Still another consideration is how to respond in a way that does not alienate the countries that just came to its defence, chief among them the U.S., especially in light of the condemnation and increasing isolation Israel was experiencing for its destruction of Gaza until just a few days ago. The U.S. has urged Israel not to respond or to do so in a restrained manner. Israel might see this moment as a time to build on the direct and indirect cooperation it received from the U.S. and other regional actors on 13 April in developing a longer-term strategy for how to deal with the Iranian threat. Taking another cut at Tehran and risking the region’s dwindled stability in the process could squander that opportunity. Conversely, Iranian decision-makers, having already made one major gamble, should not double down if their efforts to deter Israel fail to forestall a limited response.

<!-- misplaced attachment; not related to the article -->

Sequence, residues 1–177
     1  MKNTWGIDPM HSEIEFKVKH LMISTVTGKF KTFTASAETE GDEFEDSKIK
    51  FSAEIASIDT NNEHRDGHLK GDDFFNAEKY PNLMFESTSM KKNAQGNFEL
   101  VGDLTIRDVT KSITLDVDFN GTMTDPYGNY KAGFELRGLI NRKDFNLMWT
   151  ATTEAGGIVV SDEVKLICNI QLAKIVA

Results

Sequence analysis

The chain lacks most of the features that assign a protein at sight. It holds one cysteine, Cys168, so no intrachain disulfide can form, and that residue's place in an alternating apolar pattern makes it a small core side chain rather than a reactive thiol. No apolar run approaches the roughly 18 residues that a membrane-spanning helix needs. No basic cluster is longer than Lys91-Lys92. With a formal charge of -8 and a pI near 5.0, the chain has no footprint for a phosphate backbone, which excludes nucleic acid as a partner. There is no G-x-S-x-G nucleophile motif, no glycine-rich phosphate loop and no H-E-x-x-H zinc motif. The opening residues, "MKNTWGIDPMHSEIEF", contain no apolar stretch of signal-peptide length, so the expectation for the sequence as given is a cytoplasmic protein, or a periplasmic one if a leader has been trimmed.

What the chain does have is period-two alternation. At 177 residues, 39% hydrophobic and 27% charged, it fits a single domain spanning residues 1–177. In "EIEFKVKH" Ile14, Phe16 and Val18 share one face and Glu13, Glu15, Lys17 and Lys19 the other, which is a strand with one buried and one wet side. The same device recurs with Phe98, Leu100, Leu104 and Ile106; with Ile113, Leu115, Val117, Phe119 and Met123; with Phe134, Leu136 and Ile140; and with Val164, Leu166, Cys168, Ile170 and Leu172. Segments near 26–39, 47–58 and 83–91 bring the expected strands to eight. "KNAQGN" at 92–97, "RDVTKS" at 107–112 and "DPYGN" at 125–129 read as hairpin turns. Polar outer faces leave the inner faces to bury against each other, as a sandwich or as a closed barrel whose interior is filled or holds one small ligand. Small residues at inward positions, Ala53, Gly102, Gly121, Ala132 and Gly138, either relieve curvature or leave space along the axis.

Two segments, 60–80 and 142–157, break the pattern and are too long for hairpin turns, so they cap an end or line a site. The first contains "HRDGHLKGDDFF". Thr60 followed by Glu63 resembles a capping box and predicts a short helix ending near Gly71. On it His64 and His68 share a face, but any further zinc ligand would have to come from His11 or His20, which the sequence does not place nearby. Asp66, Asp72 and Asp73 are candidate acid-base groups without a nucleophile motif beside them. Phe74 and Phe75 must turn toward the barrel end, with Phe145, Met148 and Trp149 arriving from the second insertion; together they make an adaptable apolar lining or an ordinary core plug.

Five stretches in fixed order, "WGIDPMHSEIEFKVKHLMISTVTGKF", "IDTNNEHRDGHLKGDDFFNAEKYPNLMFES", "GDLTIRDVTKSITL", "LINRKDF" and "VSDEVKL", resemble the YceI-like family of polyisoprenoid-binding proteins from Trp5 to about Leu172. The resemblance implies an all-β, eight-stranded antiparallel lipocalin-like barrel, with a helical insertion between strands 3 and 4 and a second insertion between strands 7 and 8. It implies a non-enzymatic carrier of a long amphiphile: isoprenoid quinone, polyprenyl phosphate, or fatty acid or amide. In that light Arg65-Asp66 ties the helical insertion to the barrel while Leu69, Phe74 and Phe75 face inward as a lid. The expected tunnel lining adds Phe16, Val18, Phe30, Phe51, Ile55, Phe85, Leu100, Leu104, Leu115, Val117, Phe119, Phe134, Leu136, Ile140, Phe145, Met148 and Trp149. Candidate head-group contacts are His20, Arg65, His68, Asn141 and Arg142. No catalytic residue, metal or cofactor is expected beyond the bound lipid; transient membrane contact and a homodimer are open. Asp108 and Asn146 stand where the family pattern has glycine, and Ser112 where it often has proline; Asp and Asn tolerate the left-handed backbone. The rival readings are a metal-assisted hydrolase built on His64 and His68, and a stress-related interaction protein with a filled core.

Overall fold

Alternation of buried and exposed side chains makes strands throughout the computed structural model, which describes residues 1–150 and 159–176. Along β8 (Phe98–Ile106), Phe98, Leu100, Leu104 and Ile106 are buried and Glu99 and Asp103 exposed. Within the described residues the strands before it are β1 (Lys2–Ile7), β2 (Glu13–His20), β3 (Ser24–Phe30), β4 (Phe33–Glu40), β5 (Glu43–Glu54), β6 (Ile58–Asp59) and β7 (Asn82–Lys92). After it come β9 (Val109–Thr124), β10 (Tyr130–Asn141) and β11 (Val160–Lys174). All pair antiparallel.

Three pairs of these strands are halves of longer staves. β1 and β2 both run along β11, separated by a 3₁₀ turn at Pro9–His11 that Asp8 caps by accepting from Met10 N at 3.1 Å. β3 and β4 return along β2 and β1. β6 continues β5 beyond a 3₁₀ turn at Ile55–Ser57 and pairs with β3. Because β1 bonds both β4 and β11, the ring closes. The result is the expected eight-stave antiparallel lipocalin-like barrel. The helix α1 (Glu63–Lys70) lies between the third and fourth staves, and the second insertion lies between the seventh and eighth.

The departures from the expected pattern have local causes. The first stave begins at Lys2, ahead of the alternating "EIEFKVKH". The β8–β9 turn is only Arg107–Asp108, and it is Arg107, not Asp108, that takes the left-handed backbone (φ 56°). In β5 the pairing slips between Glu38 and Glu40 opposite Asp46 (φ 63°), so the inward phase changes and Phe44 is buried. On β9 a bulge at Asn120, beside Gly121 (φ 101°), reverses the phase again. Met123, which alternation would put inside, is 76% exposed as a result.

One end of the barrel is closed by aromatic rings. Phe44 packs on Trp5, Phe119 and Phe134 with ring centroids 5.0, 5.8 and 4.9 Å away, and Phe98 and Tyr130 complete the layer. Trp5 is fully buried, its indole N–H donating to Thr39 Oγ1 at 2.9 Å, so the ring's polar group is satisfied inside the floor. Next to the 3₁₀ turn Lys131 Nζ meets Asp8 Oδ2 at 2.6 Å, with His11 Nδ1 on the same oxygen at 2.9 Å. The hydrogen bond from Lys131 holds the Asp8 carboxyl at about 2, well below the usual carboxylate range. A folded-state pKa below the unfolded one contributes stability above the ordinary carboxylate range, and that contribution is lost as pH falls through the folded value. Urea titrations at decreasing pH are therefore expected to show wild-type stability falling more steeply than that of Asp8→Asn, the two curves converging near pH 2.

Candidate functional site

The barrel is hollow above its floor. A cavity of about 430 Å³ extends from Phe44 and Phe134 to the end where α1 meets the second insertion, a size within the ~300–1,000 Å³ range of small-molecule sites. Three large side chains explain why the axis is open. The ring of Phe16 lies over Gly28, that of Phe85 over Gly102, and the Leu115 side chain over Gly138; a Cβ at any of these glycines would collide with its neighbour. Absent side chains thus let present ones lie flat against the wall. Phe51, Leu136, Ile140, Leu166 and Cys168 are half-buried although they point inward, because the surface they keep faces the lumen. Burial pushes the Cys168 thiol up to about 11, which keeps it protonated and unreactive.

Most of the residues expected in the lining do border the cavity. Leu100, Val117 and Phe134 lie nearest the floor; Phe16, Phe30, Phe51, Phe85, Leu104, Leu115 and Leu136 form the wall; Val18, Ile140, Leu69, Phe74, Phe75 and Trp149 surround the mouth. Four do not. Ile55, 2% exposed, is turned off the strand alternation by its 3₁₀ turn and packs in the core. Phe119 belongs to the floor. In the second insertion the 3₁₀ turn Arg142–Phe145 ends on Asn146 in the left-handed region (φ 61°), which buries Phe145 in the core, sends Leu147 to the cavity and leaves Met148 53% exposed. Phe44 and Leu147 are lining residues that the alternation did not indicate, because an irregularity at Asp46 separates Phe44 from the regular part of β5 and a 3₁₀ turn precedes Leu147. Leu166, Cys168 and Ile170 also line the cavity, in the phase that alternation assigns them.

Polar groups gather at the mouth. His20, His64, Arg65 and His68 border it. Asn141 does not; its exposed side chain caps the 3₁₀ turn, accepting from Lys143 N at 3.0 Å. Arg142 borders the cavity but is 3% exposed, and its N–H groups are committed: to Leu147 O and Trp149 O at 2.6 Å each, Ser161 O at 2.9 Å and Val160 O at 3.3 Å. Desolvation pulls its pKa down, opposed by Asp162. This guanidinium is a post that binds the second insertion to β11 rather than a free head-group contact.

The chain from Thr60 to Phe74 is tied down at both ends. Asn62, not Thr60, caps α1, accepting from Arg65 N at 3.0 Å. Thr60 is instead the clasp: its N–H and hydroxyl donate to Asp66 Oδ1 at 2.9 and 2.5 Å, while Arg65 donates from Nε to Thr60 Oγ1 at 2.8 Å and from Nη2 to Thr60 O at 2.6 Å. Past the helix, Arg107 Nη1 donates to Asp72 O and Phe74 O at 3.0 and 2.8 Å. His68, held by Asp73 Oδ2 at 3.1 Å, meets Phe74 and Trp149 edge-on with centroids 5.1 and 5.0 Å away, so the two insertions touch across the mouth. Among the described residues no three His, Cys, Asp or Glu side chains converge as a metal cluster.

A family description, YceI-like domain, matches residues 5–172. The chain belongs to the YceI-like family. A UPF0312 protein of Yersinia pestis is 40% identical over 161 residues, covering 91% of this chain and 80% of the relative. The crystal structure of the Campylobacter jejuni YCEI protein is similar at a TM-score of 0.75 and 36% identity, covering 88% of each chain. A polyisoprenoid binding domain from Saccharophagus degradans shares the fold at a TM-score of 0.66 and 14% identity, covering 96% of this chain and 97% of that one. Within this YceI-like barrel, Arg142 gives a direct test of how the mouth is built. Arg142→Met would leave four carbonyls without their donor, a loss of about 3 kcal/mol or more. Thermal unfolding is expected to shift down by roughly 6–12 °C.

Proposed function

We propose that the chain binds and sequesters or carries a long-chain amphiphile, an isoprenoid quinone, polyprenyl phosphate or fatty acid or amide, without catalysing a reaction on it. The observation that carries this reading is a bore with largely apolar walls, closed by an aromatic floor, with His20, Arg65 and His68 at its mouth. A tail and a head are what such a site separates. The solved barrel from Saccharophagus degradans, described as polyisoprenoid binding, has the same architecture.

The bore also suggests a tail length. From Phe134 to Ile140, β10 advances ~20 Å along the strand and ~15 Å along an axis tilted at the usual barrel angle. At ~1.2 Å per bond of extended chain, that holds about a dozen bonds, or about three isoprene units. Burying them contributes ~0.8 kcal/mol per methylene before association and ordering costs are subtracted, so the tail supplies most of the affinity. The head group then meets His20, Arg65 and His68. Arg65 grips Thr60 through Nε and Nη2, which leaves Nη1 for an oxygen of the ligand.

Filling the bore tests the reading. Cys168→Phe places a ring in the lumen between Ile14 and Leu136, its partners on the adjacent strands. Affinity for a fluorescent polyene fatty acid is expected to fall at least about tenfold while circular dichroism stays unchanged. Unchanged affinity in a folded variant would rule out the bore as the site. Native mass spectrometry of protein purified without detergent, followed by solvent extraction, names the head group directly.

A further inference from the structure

Difficult as it is to step back from an escalatory spiral – all the more so given the scale of Iran’s 13 April attack – Israel is in a position to do so. Through calculation, preparation and a degree of luck, the major players in this crisis have thus far preserved a face-saving way out. Iran can claim that it made Israel pay a price for crossing the red line of attacking the consulate; Israel can claim that it warded off the Iranian drones and missiles and press its diplomatic advantage; and the U.S. can claim that it deterred Iran and defended Israel while averting wider hostilities. These might seem like slim pickings, particularly for the Israeli government, but another series of strikes and counterstrikes risks triggering a ruinous escalation not only for the protagonists but also for the wider region.

Subscribe to Crisis Group’s Email Updates

Receive the best source of conflict analysis right in your inbox.